So additionally, the impact of magic must either be inescapable or else it must be one that society will tolerate and allow or else the actual impact can only be great in the sort of persistent resistance to and defenses against magic it creates. And further, it's impact must be measured in terms of some sort of balance or demographics which, this being a fantasy game, I don't feel amiss in describing as not less than the conflict between good and evil. Enriching plants via plant growth indeed could have a potentially large impact on society, comparable to scientific farming methods in impact (though on its own not as great, presumably much of the rest could also be magically replicated). But that impact is only actually realized if the number of spell casters enriching plant growth exceeds those stunting plant growth by the equally accessible application of negative magic, and that in turn will depend on unanswered questions we have about the nature of spell casting - who can learn it, how widespread it can be, how tied to some sort of cosmic balance it is, and so forth.

I haven't rigorously looked at an SRD for the purpose of addressing this question (and I'll probably do that now that the thread is suggesting I do so) but I'd second a vote for something as simple as 'Mending' as addressing all the issues that I brought up and therefore likely making a pretty big impact on society. It at the very least suggests that being a magical tinkerer and fixing things is a viable trade that people are likely to accept as long as you confine yourself to something that they can understand and appreciate like that, and it's economic impact while subtle is I think going to be rather powerful if it becomes pervasive if you think about how many "broken windows" it saves and how many man days of labor to replace them it saves at a pretty trivial cost.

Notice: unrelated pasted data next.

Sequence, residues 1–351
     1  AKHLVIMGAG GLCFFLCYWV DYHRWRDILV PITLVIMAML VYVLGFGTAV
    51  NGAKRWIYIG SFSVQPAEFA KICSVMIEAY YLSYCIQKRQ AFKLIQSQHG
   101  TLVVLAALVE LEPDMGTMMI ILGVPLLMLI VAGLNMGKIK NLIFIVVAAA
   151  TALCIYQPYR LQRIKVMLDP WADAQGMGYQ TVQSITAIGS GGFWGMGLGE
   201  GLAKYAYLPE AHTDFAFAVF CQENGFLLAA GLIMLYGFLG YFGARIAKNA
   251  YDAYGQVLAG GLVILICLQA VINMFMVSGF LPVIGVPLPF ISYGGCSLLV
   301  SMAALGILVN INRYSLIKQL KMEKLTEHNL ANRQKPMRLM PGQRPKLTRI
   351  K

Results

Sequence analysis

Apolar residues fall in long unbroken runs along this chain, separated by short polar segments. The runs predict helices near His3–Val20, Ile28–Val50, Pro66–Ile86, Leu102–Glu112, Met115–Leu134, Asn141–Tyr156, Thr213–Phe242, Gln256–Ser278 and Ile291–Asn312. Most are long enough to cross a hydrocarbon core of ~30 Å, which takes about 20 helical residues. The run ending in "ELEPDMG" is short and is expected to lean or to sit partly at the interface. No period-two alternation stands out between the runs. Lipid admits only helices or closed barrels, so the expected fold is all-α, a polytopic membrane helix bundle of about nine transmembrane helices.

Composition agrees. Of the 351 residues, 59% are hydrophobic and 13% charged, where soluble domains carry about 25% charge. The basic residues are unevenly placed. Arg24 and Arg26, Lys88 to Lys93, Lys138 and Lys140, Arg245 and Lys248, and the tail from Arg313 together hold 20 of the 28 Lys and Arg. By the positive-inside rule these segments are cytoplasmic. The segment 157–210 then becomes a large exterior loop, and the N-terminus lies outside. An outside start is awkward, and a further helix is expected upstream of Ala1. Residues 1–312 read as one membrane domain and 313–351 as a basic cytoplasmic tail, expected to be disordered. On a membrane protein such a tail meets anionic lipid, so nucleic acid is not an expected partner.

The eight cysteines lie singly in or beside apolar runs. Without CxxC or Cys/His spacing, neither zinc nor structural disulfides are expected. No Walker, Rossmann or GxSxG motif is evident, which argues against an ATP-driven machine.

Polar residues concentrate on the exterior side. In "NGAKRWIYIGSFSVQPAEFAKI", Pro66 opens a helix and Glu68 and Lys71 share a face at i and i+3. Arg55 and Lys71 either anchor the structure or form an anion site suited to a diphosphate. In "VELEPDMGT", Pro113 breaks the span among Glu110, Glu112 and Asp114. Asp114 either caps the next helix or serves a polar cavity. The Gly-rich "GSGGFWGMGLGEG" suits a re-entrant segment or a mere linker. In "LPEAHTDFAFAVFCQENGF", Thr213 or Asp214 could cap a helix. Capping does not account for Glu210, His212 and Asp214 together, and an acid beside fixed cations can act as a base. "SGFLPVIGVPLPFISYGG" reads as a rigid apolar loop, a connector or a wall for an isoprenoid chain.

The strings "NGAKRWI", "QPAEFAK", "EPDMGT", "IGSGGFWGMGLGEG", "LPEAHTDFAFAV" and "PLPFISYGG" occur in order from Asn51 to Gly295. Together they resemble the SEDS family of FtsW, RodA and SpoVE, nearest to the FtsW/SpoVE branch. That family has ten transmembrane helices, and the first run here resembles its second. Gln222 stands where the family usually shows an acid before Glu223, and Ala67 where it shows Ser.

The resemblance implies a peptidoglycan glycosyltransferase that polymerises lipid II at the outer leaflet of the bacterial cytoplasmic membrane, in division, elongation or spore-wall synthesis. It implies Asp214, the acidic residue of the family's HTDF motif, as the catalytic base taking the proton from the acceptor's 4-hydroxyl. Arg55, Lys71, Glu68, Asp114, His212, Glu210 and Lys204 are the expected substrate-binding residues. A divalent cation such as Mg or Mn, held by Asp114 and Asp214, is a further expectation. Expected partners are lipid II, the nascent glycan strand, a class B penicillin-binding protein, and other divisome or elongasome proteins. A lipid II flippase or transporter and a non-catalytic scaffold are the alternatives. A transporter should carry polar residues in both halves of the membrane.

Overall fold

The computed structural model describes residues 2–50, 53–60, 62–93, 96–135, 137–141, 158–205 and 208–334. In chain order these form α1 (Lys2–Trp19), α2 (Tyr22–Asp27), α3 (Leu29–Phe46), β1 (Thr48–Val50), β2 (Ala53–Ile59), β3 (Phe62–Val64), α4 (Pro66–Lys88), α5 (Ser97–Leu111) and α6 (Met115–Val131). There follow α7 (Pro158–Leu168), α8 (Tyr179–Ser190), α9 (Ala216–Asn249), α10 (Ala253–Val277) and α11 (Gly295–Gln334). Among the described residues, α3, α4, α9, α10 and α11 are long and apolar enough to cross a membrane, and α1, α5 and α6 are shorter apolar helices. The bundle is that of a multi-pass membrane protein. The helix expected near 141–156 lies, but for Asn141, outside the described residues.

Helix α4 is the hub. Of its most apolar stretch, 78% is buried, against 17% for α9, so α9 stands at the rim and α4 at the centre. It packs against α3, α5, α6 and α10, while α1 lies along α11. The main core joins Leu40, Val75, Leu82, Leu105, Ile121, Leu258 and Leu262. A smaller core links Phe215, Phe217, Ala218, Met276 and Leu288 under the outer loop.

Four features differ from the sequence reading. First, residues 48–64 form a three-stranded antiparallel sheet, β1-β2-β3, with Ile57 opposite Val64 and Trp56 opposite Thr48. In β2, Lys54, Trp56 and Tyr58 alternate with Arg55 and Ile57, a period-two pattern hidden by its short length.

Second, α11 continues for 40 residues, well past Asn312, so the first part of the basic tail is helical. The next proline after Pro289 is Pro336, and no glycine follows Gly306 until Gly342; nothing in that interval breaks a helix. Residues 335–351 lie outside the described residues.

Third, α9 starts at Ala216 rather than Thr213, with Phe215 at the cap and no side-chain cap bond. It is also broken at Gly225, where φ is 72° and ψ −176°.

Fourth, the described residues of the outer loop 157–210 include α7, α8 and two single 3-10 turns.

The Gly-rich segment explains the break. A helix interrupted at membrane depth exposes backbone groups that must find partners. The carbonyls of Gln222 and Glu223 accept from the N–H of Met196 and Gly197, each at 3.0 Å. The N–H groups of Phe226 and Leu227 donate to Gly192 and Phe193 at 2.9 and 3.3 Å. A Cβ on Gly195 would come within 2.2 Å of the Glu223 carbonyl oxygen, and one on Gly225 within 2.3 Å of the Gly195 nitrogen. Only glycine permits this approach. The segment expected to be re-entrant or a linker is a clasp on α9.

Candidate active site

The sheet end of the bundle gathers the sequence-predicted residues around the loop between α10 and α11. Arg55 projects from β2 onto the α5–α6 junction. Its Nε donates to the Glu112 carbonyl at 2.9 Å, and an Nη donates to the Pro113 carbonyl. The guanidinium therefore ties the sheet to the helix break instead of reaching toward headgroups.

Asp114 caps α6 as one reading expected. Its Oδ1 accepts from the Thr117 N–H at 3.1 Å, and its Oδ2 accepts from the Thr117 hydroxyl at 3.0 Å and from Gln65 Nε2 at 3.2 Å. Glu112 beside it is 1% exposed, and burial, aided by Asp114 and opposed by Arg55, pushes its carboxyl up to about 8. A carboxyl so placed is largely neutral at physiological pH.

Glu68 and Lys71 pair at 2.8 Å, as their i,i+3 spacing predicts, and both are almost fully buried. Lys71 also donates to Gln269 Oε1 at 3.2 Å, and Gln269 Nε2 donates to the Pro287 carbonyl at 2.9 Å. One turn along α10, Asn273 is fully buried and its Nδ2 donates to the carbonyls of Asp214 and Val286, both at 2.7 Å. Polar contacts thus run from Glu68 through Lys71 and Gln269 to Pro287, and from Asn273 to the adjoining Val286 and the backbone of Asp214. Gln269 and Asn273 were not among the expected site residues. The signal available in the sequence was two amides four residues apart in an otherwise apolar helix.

Endure Elements has certainly had an impact in our current campaign as the party travels through the steaming jungle, but its impact on the larger world again depends on demographics. Before you can really use it to replace skills like Endurance and Survival, you need to be able to cast it on a significant portion of the work force - and it's not really clear that enough spellcasters exist to do that. Obviously, you could postulate a world where routinely common laborers were low level spellcasters in order to take advantage of Endure Elements, and assuming they could also and at the same time acquire the other skills they needed for labor, then that might work. But it's not at all clear that D&D or most RPGs really do endorse the idea of everyone being a 1st level wizard, and you have to wonder if there wouldn't be subtle consequences to that like everyone has a bad Fortitude save that would make the society fragile in the long run. And that depends on the demographics of commoner in your world.